Canadian businesses operating in or selling to customers in the United States may be subject to income taxes in the US and/or may need to collect and remit US state sales tax
US Tax Services
- Corporate tax return preparation
- Personal tax return preparation
- Federal and state voluntary disclosures
- Sales tax review and compliance
- Strategic tax planning
- Representation to tax authorities
- Due Diligence
- Estate tax for Canadians (US real estate and securities) and US citizens (world-wide assets)
Whether a Canadian company is subject to US federal and/or state taxation depends on several factors. For US federal income tax purposes, the primary factor is whether the company has a permanent establishment in the US. For state income and sales tax purposes, the primary factor is whether the company has nexus within one or more states
Permanent Establishment (PE)
If a Canadian company has a PE in the US it is subject to US federal income taxation. A PE includes a place of management, branch, office, or factory. It also includes a building site or construction/installation project if the construction or installation period exceeds twelve months. In addition, there are also services PE rules, which may deem a PE to exist based on services performed in the US by Canadian employees.
A company with a PE should be filing a US federal income tax return. If a Canadian company is operating as a branch in the US, the US federal and state income tax liability will be treated as a foreign tax paid. The company may then be eligible for a foreign tax credit on its Canadian tax return, which should decrease the company’s Canadian tax liability.
A Canadian company that does not have a PE must file an annual US federal tax return to disclose its Treaty-based position in order to avoid an annual US$10,000 penalty.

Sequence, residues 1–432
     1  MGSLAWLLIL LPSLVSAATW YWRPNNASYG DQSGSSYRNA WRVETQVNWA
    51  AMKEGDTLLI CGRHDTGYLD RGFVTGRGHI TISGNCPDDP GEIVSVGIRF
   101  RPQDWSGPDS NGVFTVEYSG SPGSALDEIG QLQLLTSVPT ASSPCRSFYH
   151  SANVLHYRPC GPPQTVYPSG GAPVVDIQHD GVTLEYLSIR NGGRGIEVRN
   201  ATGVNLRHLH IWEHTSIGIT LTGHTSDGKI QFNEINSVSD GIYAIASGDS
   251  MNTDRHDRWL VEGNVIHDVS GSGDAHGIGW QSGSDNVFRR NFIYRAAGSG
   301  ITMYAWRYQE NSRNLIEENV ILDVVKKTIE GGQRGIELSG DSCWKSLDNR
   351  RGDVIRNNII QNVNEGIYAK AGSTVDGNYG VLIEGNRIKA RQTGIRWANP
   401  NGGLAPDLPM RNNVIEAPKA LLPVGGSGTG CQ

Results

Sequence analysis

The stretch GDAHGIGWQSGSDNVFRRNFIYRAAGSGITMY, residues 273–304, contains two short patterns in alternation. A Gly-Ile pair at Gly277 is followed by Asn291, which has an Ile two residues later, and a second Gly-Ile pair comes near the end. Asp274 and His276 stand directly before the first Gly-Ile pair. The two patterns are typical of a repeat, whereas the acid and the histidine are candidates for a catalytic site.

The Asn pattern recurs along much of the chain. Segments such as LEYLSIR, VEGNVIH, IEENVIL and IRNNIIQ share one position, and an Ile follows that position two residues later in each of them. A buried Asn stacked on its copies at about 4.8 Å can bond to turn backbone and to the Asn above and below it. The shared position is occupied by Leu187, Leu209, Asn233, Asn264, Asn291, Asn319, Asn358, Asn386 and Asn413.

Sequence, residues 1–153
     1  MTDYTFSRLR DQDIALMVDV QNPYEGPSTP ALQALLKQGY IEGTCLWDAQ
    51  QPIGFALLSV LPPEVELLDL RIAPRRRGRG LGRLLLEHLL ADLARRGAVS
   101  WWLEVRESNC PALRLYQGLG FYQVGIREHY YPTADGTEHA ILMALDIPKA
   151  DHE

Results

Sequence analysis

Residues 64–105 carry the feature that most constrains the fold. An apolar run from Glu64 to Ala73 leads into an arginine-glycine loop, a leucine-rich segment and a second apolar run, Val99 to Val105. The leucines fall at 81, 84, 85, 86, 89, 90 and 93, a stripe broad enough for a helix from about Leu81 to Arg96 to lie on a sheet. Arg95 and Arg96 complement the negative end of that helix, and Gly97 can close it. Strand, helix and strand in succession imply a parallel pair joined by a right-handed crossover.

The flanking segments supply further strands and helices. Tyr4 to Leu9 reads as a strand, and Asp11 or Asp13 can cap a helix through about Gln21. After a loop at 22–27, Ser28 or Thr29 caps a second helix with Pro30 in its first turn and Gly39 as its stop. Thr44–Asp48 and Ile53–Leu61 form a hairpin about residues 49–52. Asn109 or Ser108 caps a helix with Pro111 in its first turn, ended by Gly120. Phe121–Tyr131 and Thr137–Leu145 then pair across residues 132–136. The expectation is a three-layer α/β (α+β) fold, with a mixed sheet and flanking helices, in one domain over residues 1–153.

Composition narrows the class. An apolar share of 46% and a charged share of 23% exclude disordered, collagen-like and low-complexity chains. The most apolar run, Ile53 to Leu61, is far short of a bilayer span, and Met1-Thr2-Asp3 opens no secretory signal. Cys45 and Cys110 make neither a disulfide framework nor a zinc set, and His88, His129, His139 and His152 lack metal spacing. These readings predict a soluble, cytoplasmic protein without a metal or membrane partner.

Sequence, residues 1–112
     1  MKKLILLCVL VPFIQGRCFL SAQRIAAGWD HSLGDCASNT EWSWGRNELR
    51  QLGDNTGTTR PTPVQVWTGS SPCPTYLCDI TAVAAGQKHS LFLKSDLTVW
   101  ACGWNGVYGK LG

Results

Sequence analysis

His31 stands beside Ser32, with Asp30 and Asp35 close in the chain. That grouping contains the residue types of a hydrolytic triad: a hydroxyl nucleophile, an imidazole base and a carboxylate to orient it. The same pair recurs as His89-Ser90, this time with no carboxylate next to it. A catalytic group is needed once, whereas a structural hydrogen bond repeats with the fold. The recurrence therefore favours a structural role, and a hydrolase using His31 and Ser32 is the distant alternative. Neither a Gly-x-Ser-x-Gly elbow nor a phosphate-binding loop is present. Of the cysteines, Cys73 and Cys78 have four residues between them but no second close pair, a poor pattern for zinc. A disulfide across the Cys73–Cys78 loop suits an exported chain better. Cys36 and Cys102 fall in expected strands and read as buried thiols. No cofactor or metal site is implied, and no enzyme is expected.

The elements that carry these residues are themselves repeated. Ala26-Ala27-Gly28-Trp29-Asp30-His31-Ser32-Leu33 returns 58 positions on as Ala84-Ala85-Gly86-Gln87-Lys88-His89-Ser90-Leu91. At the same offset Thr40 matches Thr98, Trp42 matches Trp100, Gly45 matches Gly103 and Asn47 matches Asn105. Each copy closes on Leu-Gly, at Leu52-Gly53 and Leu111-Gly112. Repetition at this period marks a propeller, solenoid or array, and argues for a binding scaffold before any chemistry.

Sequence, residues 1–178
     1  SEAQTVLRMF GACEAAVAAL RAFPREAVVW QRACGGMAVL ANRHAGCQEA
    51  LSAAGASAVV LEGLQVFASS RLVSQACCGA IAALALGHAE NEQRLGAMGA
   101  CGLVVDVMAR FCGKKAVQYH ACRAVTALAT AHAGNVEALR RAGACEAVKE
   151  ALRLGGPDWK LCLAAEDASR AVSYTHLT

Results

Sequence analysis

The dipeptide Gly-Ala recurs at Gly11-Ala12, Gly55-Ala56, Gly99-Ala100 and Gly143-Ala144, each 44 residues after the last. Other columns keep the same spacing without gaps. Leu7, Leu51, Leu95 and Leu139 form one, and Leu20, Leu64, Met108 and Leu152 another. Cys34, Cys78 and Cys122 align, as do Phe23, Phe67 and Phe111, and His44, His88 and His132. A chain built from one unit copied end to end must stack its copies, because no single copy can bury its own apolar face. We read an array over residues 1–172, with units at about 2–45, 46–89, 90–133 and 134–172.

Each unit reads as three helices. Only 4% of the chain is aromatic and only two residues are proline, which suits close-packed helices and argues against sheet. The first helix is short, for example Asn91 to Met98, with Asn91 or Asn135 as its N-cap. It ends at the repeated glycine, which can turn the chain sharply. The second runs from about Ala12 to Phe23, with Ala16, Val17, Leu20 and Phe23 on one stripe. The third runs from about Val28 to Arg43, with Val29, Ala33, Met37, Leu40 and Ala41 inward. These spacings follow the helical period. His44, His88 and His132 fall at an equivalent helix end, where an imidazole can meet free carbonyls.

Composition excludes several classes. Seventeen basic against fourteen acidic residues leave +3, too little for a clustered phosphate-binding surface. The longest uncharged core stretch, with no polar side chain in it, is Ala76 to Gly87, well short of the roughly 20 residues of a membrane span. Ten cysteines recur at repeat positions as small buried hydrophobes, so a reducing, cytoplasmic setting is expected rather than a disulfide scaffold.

The concept of nexus looks at whether a business has a non-trivial presence in one or more states. It is determined on a state-by-state basis and the nexus criteria differs for sales tax versus income tax purposes. In determining whether the Canadian business has nexus, consider if the business has employees (including those attending trade shows), provides installation or implementation, has inventory stored, or has a physical location or property (including intangible property) in the state.
Rules vary from state to state and even a temporary presence may be enough to establish nexus.
It is also worth noting that if two businesses are affiliated with one another, in determining if one of them has nexus, the operations of the other can be taken into account. For example, in New York, if a business without nexus has as little as 5% cross-ownership with another business that does have nexus, it can result in the first company having nexus as a result of the affiliate nexus rules. Other connections including sharing of intellectual property such as trademarks can also result in the affiliate rules applying.
It is crucial to carefully consider the operations of a business in relation to each state in which it operates or has customers.
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